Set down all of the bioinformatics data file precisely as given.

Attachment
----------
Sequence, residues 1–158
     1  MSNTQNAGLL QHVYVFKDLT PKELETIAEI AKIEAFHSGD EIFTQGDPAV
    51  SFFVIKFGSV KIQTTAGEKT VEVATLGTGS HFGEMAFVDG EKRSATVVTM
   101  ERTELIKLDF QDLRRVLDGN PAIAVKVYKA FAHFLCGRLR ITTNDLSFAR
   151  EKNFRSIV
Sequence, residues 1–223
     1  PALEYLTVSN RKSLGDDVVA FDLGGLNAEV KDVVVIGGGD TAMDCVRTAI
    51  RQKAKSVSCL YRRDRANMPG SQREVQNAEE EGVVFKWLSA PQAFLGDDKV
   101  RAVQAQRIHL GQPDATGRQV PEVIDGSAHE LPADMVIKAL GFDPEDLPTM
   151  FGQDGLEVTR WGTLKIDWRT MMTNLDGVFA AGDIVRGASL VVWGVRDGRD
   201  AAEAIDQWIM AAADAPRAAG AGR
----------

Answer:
Sequence, residues 1–158
     1  MSNTQNAGLL QHVYVFKDLT PKELETIAEI AKIEAFHSGD EIFTQGDPAV
    51  SFFVIKFGSV KIQTTAGEKT VEVATLGTGS HFGEMAFVDG EKRSATVVTM
   101  ERTELIKLDF QDLRRVLDGN PAIAVKVYKA FAHFLCGRLR ITTNDLSFAR
   151  EKNFRSIV
Sequence, residues 1–223
     1  PALEYLTVSN RKSLGDDVVA FDLGGLNAEV KDVVVIGGGD TAMDCVRTAI
    51  RQKAKSVSCL YRRDRANMPG SQREVQNAEE EGVVFKWLSA PQAFLGDDKV
   101  RAVQAQRIHL GQPDATGRQV PEVIDGSAHE LPADMVIKAL GFDPEDLPTM
   151  FGQDGLEVTR WGTLKIDWRT MMTNLDGVFA AGDIVRGASL VVWGVRDGRD
   201  AAEAIDQWIM AAADAPRAAG AGR